Is there any way to manually set camera settings?

Currently, there is not, but you bring up a valid use case. This could be very useful for advanced developers.

If there was an easy way to connect to the Linux on the Raspberry Pi via SSH I would have tested this myself. As I understand that’s not possible with FBOS. So an alternative solution would be to integrate some manual controls in the web interface which run the v4l2-ctl commands on the Pi. I hope this is not hard to implement.

It is possible to SSH into a FarmBot but there are a few things to keep in mind:

  1. You must enter an SSH key at configuration time. If you did not add one, you must re-flash your SD card and start over.
  2. When you SSH into a device, you will not get a standard shell. Instead, the system shell is iex, an interactive Elixir programming environment (similar to Ruby’s pry or the Javascript debug console).
  3. When you enter SSH, you can use Toolshed which will enable the Toolshed utility. Toolshed exposes a cmd("echo 'hi'") utility.
  4. It is still possible run system commands from iex. I have included an example below.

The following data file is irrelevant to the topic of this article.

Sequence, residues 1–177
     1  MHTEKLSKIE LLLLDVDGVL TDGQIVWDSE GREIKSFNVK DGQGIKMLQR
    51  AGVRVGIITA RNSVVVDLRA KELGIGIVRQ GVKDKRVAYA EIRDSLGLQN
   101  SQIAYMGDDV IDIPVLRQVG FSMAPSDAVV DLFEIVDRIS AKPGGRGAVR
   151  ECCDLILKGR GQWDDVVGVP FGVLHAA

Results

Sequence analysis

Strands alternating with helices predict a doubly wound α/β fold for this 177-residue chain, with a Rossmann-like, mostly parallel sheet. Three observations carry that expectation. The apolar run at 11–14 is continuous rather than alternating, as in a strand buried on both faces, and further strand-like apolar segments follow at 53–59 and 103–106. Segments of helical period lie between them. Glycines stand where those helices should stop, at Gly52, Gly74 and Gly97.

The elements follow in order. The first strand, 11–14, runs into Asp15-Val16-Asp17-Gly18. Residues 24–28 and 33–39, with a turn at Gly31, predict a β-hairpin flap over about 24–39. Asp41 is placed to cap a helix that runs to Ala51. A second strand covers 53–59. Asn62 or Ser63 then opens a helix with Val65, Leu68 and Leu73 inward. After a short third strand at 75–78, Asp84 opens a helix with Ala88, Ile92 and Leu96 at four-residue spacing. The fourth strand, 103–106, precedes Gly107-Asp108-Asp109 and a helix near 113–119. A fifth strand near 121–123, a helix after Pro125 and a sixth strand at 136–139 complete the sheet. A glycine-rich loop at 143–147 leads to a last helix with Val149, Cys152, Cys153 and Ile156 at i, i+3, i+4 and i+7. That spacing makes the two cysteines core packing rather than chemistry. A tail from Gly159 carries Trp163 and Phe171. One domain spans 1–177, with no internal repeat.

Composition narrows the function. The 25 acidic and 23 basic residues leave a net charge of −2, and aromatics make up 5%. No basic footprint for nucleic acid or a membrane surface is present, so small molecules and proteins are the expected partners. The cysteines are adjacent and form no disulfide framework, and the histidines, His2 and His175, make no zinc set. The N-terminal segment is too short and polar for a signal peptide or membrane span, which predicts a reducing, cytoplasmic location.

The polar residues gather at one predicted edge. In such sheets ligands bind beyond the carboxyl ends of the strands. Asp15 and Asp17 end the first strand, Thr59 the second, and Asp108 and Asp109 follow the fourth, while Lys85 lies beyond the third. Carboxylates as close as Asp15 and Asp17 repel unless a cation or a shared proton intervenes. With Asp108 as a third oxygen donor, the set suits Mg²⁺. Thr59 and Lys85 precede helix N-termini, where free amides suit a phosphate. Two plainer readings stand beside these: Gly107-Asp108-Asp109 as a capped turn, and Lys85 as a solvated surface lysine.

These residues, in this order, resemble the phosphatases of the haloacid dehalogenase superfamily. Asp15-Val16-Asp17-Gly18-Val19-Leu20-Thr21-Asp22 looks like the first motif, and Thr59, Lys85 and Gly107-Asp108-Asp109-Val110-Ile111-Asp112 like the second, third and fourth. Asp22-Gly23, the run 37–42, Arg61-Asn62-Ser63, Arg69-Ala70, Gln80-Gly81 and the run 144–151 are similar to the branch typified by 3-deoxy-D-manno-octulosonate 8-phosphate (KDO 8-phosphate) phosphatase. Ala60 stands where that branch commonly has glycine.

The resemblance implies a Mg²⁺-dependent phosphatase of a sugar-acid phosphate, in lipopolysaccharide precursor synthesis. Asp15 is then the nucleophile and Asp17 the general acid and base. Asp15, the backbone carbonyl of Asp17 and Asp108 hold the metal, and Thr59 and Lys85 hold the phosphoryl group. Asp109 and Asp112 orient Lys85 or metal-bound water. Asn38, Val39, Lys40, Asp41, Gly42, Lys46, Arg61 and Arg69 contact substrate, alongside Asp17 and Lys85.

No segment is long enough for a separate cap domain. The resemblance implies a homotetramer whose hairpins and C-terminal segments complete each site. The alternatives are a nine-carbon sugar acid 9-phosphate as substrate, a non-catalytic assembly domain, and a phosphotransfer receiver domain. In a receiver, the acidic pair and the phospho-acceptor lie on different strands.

5. SSH exists for FarmBot employees and Elixir programmers modifying FBOS. Many things are not expected to behave like a normal Linux SSH session. I mention this because we occasionally get feature/update requests for SSH and our intent is not to provide an SSH environment for advanced users. It is there to help employees debug system problems.
$ ssh 1.2.3.4

iex(farmbot@farmbot-000.local)1> use Toolshed
Toolshed imported. Run h(Toolshed) for more info.
:ok
iex(farmbot@farmbot-000.local)2> cmd("v4l2-ctl --list-devices")
USB2.0 PC CAMERA: USB2.0 PC CAM (usb-3f980000.usb-1.2):
	/dev/video0
	/dev/video1
	/dev/media0

0
iex(farmbot@farmbot-000.local)3> cmd("v4l2-ctl -d /dev/video0 --list-ctrls")
            brightness 0x00980900 (int)    : min=0 max=255 step=1 default=128 value=128
              contrast 0x00980901 (int)    : min=0 max=255 step=1 default=148 value=148